DannyDonuts’ Legend SN1P-SN4P Mechathun Warlock
Ranked: 22 (-10)
Once quite a terror in Wild (the Stars align, anyone?), Aviana Druid has crawled back onto the map after the introduction of Jepetto Joybuzz. If there is one card that people predicted exactly what it was going to do, that would be this balloon loving fella, as he single-handedly put Aviana Druid (both Togwaggle and Star Aligner) back into relevancy. Turns out all you really needed was 1 mana Aviana or Togwaggle, and your combo is pretty much set. However, as it has a very high skill ceiling, Aviana Druid isn’t very well received by the community.
Hijodaikan’s Togwaggle Druid
Ranked: 23 (RETURNING)
Our prediction has turned out to be correct: Nine Lives is a powerful tool, one that is just desperately looking for a shell to fit into. Spell Hunter seems like a natural fit, with Barnes bringing Sylvanas out as soon as turn 4. Nine Lives capitalize on the early Sylvanas, giving you up to 4 Mind Controls, plus another 4 from Zul’jin later on. With Barnes already on hand, Master’s Call is far from a dead card: you can pick whichever card you don’t want to summon from Barnes on turn 4, and don’t be bad enough to topdeck the other minion! The deck is well-equipped to win against Odd Rogue and Even Shaman, while Sylvanas gives you an edge over Big Priest and Warlocks.
RenoJackson’s #11 Legend Spell Hunter
Ranked: 24 (-1)
Cubelock has again snuck into low tier 2, with its terrible matchup into Kingsbane Rogue gone. It sure still has that highroll potential with Voidcaller and Skull of the Man’ari, which means that sometimes it can even seal games faster than Aggro decks. If it can get Doomguards down early, even Tempo Mages will have a really hard time against it as they can freeze minions, but not remove them before Cube comes down.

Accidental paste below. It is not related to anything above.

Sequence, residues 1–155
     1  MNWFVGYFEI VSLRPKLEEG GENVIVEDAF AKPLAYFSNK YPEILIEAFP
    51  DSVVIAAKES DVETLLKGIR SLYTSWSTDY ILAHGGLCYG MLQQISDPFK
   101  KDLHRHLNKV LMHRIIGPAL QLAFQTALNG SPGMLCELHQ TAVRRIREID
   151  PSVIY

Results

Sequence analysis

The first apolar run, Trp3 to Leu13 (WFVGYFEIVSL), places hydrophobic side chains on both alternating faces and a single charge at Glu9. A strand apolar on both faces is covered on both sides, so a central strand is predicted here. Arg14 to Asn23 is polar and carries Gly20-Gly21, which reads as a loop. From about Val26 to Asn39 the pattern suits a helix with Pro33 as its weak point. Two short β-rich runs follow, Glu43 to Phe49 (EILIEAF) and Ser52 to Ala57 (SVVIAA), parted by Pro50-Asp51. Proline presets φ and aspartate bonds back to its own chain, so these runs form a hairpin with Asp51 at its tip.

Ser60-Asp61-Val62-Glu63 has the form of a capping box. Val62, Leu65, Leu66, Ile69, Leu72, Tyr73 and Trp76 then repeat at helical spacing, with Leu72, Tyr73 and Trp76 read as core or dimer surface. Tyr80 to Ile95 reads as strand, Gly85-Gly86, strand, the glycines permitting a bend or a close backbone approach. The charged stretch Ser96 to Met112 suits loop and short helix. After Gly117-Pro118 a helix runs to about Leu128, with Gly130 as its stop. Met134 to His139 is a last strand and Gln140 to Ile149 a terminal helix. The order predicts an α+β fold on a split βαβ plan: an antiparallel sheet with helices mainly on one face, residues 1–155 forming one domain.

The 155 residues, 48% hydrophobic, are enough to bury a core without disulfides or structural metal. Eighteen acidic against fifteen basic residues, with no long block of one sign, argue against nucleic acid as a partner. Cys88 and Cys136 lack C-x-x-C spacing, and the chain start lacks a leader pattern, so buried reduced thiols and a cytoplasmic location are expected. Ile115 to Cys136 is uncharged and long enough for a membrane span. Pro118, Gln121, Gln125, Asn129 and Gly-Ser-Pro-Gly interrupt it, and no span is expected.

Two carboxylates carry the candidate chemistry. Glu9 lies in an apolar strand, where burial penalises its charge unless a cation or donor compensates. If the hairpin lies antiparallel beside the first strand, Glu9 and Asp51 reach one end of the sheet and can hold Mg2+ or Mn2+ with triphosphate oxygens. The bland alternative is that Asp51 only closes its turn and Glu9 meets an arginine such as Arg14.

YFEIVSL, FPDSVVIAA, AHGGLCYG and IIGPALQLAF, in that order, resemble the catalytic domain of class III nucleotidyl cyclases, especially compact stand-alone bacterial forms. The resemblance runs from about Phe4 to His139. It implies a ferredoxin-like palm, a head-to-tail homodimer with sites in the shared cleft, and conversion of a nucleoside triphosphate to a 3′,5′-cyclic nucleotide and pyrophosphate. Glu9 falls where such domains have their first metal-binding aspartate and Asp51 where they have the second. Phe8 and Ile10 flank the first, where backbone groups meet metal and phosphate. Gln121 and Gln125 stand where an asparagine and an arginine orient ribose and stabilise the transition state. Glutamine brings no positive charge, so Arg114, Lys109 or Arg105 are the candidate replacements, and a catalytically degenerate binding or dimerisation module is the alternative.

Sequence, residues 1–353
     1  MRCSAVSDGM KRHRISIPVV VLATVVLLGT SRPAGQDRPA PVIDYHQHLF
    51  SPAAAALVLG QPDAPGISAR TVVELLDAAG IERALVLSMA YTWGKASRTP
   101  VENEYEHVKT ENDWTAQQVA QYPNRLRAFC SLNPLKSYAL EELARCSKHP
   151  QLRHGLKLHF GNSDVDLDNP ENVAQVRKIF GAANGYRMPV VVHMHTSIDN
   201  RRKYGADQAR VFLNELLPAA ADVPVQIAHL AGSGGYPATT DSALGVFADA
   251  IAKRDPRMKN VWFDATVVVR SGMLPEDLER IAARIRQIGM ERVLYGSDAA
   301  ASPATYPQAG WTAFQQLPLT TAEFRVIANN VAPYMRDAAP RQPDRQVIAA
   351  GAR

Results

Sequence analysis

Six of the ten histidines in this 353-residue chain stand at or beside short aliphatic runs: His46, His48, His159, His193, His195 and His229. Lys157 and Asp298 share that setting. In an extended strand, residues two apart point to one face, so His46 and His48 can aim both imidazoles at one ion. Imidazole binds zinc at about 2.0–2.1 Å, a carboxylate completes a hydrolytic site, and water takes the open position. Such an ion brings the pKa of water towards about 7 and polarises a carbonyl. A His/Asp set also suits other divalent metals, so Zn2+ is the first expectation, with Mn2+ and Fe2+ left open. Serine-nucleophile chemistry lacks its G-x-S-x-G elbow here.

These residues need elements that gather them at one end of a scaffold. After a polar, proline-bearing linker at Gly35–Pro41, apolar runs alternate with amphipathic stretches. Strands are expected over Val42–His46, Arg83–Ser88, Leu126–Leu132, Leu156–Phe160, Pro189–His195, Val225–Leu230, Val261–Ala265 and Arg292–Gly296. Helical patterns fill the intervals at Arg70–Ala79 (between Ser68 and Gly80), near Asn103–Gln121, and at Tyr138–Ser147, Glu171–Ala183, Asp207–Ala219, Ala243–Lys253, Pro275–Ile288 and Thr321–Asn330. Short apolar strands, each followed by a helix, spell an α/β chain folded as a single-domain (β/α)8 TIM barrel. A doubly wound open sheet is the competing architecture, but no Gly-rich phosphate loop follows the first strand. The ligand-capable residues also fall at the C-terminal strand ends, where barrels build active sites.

Darkest Hour Warlock
Ranked: 25 (-6)
Here, we crown the title of ‘The Most Overrated New Deck’. Darkest Hour turns out to be not much more than a coinflip simulator against almost every deck in that whether you win or lose a matchup might be entirely dependent on draw RNG. There are very little elements either you or your opponent can control in such matchups, which means Darkest Hour boasts a perfect 50% winrate in the long run! You can’t climb with 50%, but you can certainly climb if you’re good enough to get lucky every game. However, with the inclusion of the freshly buffed Dr. Morrigan, you can win more than 50% more often now!
If you want to highroll, we recommend to just play Cube Warlock.
Kiyotogami’s #10 Legend Dr. Morrigan Darkest Warlock
Ranked: 26 (-7)
Exodia Mage will not be happy that Quest Mage is now a top deck – it’s one of the most dreadful matchups for Exodia. However, Freeze Mage is that archetype people will just keep coming back to, even if it’s existed for as long as Hearthstone itself. The current Exodia has always traditionally been good against Priests, Druids, and Warlocks, while it isn’t terrible into any non-Kingsbane aggro. Even Shaman and Odd Warrior would sweat in nervousness when they see the Mage draws into their combo pieces with little they can do.